Library of Congress Control Number: 2017947792
A man in a dark suit with close-set penetrating blue eyes waited impatiently for the museum’s curator to unlock the heavy wooden door with the big iron key and then rotate the ancient dial switch on the wall to soak the office in soft light sifted through several old crinoline lampshades. The fidgeting visitor had a nervous foreboding of impending trouble as he entered this socialist simile of sacred ground. He contemplated attempting to calm his nerves with a cigarette, but as if reading his mind, the curator admonished him that smoking was absolutely prohibited by the force of Russian law.
In early 1918, soon after the Bolshevik Revolution, the greatest hero of the Russian people, Vladimir Ilyich Ulyanov (Lenin), had assumed his new residence and office space on the third floor of the beautiful neoclassical Senate building, built during the American Revolution and still proudly standing inside the north wall of the Kremlin. This portion of the building on the third floor housing Lenin’s
living quarters and office was now a state run museum, but it had never been open to the general public. Only well connected patrons, carefully selected by the Kremlin Commandant after being placed on long waiting lists, were admitted by appointment only. The modest office and four-room apartment had been frozen in time and meticulously maintained exactly as it had been left by Lenin and his wife. It still contained all the accoutrements that the couple actually used during the last six years of Lenin’s revered life. The four old fashioned telephones in his office demonstrated the latest level of technology present in 1924. The main telephone on his desk possessed a light bulb in lieu of a bell so the ringing noise would not disturb him. The only modern day aspect of the office was the strict and contra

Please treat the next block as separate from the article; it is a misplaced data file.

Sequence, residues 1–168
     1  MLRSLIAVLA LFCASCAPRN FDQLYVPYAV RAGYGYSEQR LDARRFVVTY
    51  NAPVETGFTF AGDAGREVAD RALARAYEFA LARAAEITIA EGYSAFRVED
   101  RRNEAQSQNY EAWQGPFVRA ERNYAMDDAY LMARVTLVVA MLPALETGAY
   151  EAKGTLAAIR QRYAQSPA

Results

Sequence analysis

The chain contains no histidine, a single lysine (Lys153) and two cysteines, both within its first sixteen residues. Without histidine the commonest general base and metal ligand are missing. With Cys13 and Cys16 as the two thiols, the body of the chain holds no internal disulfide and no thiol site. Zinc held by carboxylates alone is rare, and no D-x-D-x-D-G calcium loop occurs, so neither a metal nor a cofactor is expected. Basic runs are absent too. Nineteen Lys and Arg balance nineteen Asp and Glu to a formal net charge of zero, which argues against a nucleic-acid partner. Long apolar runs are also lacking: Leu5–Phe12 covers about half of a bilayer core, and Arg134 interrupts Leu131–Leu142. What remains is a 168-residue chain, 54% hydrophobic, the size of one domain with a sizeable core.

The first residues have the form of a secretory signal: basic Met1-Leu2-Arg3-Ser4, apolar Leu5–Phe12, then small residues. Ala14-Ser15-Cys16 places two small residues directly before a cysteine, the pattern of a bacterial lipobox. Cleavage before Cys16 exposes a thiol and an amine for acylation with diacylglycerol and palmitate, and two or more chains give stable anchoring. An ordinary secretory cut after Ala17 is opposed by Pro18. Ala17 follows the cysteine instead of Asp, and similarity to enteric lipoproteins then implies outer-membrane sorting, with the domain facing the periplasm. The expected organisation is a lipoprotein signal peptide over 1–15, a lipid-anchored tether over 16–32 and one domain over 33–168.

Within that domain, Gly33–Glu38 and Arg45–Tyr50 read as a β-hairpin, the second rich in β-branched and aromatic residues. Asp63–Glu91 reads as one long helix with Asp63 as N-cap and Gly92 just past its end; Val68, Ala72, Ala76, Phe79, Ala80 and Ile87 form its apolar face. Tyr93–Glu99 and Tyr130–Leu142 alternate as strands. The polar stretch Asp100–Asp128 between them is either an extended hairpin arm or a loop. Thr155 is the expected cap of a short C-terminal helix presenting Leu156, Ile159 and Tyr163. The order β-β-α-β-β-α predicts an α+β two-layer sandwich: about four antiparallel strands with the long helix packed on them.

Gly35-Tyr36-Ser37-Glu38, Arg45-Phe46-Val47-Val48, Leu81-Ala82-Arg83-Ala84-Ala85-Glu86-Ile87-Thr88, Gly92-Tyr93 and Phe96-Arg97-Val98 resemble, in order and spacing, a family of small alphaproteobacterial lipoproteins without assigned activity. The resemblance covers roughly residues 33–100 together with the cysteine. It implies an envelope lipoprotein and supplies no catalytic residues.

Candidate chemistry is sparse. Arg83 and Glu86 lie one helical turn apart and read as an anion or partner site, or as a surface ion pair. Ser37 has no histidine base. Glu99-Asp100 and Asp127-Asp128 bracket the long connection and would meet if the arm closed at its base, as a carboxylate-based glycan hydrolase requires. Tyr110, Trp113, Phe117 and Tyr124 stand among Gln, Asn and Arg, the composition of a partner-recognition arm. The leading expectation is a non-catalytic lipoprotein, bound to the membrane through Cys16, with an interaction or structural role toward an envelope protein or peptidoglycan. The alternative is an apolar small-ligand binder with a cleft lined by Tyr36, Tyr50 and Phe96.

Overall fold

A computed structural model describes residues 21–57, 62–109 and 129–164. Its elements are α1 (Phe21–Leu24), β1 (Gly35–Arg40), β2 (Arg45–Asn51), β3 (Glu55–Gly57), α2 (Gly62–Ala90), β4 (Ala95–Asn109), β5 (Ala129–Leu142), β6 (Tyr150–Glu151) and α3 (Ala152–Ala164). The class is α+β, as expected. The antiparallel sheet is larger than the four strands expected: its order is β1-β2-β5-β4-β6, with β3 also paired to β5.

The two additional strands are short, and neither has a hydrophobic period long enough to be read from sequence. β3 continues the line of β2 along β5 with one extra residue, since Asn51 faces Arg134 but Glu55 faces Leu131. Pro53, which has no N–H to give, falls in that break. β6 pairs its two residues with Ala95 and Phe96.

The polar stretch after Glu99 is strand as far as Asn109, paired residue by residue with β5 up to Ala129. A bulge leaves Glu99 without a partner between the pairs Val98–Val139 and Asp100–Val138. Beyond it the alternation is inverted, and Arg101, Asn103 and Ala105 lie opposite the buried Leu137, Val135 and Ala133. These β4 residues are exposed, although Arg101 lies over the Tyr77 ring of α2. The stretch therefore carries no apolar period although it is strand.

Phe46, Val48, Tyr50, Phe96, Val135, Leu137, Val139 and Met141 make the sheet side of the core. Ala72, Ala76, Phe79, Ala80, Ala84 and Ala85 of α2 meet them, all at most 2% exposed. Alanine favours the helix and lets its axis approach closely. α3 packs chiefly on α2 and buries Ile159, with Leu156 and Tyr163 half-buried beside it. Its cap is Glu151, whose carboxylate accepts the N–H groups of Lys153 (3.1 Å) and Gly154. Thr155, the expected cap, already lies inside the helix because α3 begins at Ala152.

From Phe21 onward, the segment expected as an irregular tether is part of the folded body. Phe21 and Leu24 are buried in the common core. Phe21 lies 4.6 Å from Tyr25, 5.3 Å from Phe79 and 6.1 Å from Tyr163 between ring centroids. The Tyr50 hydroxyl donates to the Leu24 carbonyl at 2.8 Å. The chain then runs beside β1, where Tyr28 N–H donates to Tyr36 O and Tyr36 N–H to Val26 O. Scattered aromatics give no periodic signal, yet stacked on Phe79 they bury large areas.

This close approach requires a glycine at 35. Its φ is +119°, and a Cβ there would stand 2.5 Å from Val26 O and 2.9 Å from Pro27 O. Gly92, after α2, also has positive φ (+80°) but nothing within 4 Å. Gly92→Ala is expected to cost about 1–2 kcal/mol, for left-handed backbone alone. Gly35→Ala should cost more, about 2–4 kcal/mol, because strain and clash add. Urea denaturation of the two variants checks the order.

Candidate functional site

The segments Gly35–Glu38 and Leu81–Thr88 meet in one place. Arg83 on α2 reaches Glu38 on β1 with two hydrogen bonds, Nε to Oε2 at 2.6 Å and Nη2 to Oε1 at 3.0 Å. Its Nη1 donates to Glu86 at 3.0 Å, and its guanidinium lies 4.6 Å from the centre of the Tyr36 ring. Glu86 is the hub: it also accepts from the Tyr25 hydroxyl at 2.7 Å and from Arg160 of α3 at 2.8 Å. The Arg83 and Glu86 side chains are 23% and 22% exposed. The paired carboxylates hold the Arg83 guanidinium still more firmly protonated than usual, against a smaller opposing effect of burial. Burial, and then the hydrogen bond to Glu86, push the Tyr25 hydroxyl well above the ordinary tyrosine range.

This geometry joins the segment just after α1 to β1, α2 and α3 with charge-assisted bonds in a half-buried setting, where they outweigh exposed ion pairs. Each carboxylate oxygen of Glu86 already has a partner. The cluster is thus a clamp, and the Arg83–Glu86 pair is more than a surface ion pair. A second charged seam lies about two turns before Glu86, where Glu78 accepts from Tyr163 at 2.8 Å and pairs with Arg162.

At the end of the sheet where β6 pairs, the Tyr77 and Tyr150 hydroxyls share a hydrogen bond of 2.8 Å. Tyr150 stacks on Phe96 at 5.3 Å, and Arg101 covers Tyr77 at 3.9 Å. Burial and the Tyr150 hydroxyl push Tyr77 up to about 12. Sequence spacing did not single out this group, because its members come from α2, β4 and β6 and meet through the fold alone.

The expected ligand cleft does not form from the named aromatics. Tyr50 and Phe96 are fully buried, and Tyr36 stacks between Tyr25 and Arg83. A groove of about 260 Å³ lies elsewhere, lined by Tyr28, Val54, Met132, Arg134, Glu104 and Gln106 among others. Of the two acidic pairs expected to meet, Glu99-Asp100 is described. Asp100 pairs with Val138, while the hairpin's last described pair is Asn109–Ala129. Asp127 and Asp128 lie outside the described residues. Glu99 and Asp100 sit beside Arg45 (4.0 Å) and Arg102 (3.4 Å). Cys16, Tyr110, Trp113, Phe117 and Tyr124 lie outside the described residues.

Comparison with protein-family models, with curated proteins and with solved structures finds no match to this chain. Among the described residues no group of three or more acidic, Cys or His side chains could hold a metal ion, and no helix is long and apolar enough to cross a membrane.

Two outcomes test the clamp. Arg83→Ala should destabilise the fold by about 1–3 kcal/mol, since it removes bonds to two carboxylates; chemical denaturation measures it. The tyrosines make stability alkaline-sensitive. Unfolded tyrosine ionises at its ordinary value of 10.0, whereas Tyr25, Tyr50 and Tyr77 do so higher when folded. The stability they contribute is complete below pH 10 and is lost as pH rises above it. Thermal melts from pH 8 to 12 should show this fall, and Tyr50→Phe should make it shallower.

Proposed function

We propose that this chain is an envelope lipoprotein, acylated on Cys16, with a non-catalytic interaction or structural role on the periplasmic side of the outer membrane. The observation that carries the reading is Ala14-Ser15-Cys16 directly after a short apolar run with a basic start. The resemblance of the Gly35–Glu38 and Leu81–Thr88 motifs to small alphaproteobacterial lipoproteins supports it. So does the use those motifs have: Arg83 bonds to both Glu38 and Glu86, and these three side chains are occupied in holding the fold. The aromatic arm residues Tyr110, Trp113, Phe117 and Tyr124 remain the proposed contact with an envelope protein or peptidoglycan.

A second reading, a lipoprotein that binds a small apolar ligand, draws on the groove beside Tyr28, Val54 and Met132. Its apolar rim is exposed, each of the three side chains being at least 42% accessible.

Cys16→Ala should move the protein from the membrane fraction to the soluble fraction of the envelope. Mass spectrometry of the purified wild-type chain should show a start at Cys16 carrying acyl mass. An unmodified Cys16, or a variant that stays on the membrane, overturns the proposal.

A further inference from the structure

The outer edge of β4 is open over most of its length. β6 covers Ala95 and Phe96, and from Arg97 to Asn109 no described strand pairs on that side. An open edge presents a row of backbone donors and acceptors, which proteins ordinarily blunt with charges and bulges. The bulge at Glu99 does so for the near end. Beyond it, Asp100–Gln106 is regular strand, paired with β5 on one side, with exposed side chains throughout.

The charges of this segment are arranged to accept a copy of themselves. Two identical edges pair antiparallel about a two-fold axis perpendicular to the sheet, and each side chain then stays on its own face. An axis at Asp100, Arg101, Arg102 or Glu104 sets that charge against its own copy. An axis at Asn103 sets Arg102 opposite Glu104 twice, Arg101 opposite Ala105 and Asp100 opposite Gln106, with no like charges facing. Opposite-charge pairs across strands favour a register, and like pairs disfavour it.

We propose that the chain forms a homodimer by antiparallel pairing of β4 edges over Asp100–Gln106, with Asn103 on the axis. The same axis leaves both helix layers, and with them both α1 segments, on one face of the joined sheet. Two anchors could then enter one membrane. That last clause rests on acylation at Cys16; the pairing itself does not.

Russian prohibition against smoking which actually had been proclaimed by Lenin himself, much ahead of his time.
The visitor had been born the same year that Lenin had died, and he had probably been named after the old hero. The visitor had been making that very claim for so long, he was not sure if it was true or not, nor did he really care. Vladimir Alexandrovich Kryuchkov was the Chairman of the Committee of State Security, better known as the infamous KGB, and member of the Soviet Politburo. He had been strangely but politely summoned to this haloed place for a clandestine meeting on a late Friday evening by his secret nemesis, ostensibly the most powerful man in the USSR, and arguably the second most powerful man in the world. The curator ushered his vaunted and widely feared visitor to a chair in front of Lenin’s desk, inquired as to whether he could do anything further for his visitor, then politely bowed, and took his leave after receiving a dismissive wave from Kryuchkov’s left hand. Kryuchkov was again mentally practicing his plan for handling this unconventional meeting. He was fairly certain that he knew what the subject matter would be, and, if he were correct, he believed that his very life, as well as the entire future of his beloved Soviet Union, depended on whether he could be successful in surviving the test that was about to be forced upon him.
Kryuchkov thankfully did not have to wait long. The door at the side of the office leading to Lenin’s living quarters opened and Mikhail Sergeyevich Gorbachev, General Secretary of the Central Committee of the Communist Party, the first ever, and most probably the last President of the Soviet Union, walked briskly into the room.
“Vlad, oh Vlad,” gushed Gorbachev. “It is so good to see you. How have you been keeping?”
“Well, Mikhail, very well, and you?” answered Kryuchkov. As Gorbachev approached, Kryuchkov stood for the obligatory clasping of arms and cheek bumps then asked with feigned nonchalance, “What are we doing here, Mikhail?”
As Gorbachev circled the desk to occupy Lenin’s chair, he apologized. “I am terribly sorry for all this cloak and dagger stuff. I have a very delicate matter to discuss with you. As you know, I just returned a few hours ago from my meeting in Washington with the illustrious Mr. Bush, and my office down stairs is still full of people trying to get my attention. Also, with all the dissension going on these days, I worry about who might have been given access to my office. My staff hasn’t had time to sweep it for bugs. So, I thought we could get some privacy up here… and what idiot would bug a museum that hardly nobody ever uses?”